Thursday, 28 June 2012

Will falling rupee give fillip to medical tourism?


Last few months have not been good for Indian currency and it has seen constant beating. At over 57 for each dollar, it has lost its glory of the past years. India’s oil imports are also adding fuel to the fire of rising inflation. However, many pundits believe a weaker rupee is good for India’s exports as our companies and Indian products and services become attractive again to the western buyers.

In this context, it should also be a good news of Indian healthcare businesses because the affordability for the foreign patients would increase for getting treated in India. I am particularly not sure whether currency plays any role in a foreign national’s decision in taking treatment in low-cost medical destinations. There may be other factors too, like the perception of the country, local support for the foreign citizens, language support, expertise in the health domain for the hospitals etc. But if at all someone is price-conscious and have a favourable outlook towards India, I think it is a good time for that patient to look at getting treated here.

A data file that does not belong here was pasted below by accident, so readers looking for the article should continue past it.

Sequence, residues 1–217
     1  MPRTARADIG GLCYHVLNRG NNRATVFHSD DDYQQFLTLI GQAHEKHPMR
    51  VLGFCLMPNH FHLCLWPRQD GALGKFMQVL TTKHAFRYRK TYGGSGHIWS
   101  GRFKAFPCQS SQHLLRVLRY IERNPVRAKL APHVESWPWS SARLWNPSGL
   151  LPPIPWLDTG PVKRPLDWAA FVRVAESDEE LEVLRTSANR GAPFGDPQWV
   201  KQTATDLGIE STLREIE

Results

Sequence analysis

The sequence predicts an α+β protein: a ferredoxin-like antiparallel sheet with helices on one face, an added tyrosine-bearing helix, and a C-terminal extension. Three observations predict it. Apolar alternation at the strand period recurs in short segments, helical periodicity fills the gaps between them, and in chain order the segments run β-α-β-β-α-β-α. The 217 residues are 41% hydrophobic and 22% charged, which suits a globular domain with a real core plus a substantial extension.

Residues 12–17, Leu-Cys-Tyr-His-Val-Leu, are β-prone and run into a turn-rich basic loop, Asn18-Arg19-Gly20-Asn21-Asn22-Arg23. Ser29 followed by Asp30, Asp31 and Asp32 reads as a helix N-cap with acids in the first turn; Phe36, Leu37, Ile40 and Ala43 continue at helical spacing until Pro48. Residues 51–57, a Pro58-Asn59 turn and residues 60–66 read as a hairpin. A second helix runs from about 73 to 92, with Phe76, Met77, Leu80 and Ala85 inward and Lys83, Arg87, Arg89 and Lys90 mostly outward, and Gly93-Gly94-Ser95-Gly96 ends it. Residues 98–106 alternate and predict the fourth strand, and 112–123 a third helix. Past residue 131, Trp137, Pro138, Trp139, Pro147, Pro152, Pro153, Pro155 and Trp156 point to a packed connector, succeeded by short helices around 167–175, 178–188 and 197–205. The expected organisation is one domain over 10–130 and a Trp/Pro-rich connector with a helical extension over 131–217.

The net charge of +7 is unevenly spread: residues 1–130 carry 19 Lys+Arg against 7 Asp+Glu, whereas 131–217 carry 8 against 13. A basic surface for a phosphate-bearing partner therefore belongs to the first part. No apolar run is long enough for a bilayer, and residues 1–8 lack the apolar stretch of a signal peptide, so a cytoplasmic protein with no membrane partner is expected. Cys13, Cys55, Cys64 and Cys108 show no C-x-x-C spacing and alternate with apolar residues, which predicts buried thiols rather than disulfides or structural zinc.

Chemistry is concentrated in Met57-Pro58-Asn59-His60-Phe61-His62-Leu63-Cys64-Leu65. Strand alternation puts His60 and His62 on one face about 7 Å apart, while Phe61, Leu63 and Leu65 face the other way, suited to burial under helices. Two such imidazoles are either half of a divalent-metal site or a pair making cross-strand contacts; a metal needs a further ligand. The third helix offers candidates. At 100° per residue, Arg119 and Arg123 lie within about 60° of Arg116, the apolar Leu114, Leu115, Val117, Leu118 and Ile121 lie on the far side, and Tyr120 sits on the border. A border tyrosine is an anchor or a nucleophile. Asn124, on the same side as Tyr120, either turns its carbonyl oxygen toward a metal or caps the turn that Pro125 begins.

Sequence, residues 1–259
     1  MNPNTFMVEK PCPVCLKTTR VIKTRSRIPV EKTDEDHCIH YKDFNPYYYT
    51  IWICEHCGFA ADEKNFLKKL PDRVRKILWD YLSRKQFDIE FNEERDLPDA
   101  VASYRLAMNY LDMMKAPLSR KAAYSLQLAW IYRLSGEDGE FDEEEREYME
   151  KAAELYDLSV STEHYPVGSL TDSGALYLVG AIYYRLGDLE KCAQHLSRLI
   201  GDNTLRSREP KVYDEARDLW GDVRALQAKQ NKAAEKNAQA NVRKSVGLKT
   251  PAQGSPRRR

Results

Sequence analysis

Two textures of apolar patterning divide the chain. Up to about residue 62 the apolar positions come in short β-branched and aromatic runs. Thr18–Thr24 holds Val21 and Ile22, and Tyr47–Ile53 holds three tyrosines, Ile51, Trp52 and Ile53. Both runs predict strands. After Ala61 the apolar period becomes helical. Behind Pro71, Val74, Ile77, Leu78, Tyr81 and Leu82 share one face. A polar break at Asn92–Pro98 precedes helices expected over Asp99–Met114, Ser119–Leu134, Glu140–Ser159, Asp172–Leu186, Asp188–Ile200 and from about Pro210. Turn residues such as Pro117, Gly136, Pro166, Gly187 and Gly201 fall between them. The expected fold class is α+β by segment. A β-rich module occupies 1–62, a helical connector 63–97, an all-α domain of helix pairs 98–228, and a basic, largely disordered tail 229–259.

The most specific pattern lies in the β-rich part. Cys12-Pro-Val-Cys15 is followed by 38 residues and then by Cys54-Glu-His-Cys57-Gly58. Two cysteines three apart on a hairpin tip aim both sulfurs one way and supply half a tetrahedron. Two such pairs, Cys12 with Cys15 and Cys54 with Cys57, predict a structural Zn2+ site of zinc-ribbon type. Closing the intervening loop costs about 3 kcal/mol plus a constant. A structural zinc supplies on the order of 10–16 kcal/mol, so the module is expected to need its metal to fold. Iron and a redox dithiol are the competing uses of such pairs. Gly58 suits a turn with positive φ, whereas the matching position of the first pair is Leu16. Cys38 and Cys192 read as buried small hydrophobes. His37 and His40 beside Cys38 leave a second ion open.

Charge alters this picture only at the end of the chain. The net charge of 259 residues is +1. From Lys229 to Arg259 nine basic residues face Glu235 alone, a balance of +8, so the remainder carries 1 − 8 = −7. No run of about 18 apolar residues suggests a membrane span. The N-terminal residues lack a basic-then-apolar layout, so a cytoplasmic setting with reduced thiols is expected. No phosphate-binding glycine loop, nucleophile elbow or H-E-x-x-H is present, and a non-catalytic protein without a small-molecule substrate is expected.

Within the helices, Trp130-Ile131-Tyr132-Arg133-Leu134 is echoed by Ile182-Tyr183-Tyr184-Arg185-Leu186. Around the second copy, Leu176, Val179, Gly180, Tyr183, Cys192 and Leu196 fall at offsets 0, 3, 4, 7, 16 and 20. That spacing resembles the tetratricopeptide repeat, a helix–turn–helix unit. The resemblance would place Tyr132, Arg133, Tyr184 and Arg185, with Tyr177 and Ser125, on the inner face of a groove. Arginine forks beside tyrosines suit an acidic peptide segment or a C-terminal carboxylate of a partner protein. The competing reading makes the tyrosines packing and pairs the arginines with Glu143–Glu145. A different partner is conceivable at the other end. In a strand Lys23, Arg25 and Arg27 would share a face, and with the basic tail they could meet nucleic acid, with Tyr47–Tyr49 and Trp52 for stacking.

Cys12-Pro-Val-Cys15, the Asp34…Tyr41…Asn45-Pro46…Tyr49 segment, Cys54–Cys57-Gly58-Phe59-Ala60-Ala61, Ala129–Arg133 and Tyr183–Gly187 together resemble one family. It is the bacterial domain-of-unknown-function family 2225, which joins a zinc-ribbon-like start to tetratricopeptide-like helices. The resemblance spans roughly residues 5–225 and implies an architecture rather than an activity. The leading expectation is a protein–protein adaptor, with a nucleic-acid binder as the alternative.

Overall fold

Another aspect is the turmoil in the Euro-zone. Given the fact that many European countries are struggling bankruptcy and jobs are at risk, affordability of healthcare would also become a major concern for some countries. I think there also the scope of medical tourism can be explored. One website claims that the medical tourists stand to save up to 75% of the cost of similar care in their own countries because of the weak Indian currency.

What are your views on this matter? Do you think currency and exchange rate matter when a patient decides on taking treatment? Have you experienced an increase in inflow of foreign patients in your hospital in the recent times because of the currency fluctuations? Does a weaker currency also benefit Indian healthcare providers in another domain?

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